The top-level procedure machine does a little initialization and then does its work with the instruction
output optimize determine nondet :regexp
That is.” The technical name for an arbitrary collection of nodes with connections among them is a graph. initially empty.first. although this procedure looks different from the depth. so a state may have several “parents. 22 Chapter 1 Automata Theory
.first procedure in Volume 1. A ﬁnite state machine can be viewed as a structure almost like a tree.
and duplicates eliminated. it remembers this state number as having been processed. ﬁnds all the moves starting from this state.nd looks to see if we’ve already seen the same combination of result states. a separate arrow is created for each of them. It outputs a new list of moves (arrows) for the deterministic version of the machine. Second. procedure optimize will combine such arrows into the abbreviated form with more than one letter per arrow. and check.nd will invent a new state that is an “alias” for “four-and-seven. and looks for all arrows with the same tail and with the same letter. If the machine has two completely identical arrows. if two or more letters lead from the same state to the same state.nd must do.” If the same machine also contains arrows
[[8 C 4] [8 C 7]]
then check. First. check. because this state will contribute no new moves to the machine. If so.nd must create a new state.nd includes the arrow from the original machine as part of the deterministic machine.* The local variable heads will contain a list of all the state numbers reachable by these arrows. Once the deterministic machine has been created. nd. Otherwise. (The state numbers are sorted into increasing order. and check.traverse is an operation. then there is no nondeterminism for this letter.traverse ﬁrst checks whether this state has already been processed. What does it mean to process a state? Nd. if so. with arrows duplicating those from all of the original states. that doesn’t result in nondeterminism. The new state is given arrows matching those of all its component states (4 and 7 in this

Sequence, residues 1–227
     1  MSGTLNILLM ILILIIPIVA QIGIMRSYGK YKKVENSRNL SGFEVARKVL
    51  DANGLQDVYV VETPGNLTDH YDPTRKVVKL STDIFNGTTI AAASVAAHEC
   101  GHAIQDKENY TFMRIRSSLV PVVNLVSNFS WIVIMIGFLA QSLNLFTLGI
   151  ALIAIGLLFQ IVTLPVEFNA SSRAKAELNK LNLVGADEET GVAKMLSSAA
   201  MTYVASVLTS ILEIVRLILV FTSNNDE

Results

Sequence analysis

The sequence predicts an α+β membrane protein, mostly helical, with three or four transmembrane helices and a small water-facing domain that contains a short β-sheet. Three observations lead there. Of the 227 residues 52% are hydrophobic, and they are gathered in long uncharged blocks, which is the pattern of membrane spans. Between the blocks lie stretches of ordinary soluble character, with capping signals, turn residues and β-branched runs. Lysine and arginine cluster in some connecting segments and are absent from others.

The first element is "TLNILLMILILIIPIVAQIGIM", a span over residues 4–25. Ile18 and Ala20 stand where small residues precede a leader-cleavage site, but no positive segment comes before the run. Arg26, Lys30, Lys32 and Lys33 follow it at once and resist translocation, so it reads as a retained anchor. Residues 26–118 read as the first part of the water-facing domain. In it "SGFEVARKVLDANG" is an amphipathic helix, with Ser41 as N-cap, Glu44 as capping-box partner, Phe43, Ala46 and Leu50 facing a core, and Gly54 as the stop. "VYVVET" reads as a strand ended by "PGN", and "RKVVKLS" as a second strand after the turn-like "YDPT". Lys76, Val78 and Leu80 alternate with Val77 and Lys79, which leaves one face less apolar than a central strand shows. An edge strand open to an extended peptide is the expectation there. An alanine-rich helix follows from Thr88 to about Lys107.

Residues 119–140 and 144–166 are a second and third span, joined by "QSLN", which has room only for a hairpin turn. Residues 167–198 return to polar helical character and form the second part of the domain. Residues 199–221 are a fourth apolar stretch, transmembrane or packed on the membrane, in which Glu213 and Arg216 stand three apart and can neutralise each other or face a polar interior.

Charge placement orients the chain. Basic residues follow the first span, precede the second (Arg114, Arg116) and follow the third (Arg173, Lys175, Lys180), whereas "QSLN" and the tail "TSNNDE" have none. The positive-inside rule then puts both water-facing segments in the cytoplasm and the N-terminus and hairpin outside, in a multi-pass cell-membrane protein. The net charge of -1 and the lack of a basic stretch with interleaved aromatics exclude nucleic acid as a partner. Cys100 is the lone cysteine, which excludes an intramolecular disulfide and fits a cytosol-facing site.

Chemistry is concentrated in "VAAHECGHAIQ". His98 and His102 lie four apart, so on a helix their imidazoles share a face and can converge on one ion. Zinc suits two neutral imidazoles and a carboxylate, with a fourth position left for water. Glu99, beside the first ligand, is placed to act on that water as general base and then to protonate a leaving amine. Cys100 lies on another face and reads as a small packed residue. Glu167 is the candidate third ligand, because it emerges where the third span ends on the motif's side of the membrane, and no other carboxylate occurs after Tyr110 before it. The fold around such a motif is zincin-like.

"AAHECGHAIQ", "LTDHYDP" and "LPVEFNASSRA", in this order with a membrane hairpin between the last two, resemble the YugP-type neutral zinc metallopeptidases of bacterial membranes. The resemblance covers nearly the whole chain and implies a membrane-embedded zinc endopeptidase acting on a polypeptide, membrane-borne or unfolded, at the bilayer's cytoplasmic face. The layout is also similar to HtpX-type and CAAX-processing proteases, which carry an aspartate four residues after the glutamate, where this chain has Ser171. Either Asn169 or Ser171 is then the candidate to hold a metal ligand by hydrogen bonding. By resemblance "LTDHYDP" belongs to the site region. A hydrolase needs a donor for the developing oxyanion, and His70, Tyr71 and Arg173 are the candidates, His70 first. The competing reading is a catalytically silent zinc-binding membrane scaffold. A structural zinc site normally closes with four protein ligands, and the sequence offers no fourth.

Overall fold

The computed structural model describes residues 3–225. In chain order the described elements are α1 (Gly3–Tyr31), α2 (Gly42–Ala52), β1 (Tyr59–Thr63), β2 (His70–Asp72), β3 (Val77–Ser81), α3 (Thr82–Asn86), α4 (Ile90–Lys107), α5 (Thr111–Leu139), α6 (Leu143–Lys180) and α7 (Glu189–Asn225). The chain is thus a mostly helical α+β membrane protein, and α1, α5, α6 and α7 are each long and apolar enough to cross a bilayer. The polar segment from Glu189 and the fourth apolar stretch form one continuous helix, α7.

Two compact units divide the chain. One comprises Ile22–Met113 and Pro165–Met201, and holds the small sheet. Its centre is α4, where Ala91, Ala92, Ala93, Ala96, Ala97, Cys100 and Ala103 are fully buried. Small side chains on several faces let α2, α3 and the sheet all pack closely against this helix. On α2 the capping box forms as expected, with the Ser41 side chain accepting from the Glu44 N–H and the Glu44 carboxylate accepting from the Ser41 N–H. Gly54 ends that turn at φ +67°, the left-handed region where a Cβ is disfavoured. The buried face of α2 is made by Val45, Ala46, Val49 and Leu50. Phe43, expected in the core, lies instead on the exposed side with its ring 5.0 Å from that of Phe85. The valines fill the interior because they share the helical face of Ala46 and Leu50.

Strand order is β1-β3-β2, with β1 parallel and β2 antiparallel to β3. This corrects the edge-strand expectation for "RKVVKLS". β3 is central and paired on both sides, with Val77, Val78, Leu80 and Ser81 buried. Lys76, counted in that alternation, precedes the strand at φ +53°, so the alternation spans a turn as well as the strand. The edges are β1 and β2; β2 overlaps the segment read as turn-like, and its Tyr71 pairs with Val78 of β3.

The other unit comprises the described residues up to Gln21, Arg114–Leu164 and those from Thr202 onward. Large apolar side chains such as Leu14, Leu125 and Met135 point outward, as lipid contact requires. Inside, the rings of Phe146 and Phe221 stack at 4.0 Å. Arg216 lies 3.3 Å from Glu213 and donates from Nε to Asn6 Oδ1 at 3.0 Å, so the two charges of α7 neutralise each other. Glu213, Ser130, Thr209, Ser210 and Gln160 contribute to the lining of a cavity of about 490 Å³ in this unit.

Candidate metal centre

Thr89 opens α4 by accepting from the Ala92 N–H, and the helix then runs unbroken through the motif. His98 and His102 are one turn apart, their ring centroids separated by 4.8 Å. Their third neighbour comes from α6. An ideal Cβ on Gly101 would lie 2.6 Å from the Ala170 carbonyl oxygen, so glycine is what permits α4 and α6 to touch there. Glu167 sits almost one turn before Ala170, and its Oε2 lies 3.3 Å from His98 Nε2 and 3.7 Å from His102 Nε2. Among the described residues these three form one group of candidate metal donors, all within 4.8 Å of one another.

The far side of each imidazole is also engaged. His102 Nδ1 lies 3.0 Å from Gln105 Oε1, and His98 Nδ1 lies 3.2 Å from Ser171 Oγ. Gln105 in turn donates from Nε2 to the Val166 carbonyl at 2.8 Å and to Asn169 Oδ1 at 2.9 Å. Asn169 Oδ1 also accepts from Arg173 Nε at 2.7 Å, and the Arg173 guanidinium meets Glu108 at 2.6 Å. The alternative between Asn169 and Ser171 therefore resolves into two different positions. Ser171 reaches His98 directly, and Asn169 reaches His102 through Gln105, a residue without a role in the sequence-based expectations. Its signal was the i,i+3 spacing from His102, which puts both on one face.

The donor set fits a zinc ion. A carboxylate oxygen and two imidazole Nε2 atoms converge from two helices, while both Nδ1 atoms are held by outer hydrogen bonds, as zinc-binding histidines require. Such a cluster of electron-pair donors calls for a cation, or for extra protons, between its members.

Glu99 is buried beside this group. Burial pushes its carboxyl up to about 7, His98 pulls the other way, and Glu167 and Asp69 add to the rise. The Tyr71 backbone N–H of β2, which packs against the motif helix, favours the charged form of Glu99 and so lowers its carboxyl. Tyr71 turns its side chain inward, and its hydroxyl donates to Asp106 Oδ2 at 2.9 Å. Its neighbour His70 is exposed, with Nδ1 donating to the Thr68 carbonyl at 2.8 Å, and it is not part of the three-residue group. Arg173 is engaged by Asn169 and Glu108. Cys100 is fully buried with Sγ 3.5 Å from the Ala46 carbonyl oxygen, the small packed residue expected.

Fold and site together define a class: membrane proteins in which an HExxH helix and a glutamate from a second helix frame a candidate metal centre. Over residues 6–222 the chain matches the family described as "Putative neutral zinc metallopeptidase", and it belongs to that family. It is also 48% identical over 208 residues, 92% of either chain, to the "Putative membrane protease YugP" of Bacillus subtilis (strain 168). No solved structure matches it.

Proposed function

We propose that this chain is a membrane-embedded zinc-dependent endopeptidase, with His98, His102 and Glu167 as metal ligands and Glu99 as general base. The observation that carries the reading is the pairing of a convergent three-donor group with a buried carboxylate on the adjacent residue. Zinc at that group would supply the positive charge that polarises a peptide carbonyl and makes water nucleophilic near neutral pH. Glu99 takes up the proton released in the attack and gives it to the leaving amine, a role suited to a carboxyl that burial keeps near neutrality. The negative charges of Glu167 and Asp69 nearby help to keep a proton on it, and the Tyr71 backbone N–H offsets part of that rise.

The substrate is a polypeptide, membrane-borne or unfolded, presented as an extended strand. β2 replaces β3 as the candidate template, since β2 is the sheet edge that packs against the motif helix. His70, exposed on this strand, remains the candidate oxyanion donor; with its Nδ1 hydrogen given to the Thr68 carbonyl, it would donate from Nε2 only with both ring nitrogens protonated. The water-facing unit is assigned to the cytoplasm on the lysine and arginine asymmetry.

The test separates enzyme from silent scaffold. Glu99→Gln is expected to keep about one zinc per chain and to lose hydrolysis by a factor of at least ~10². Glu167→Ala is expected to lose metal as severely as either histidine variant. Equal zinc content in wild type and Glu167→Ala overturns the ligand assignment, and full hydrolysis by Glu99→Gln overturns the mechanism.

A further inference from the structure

* By the way. In other words. This makes for a longer machine list. the third case is that this combination of states is one we haven’t seen before. and calls check. Check.nd will use the same alias state for this pair. check. not inventing a new one. Finally. but makes steps like this one—looking for two arrows with the same letter—easier. nondet always creates arrows with only a single letter.nd takes the ﬁrst available arrow whose tail is at the state we’re processing. if there is more than one state number. it outputs an empty list. then we’ve already created a new state equivalent to that combination of old states.nd creates a new arrow pointing to that existing new state. In that case. if there are arrows
[[3 B 4] [3 B 7]]
then check.though.) There are three cases for what check.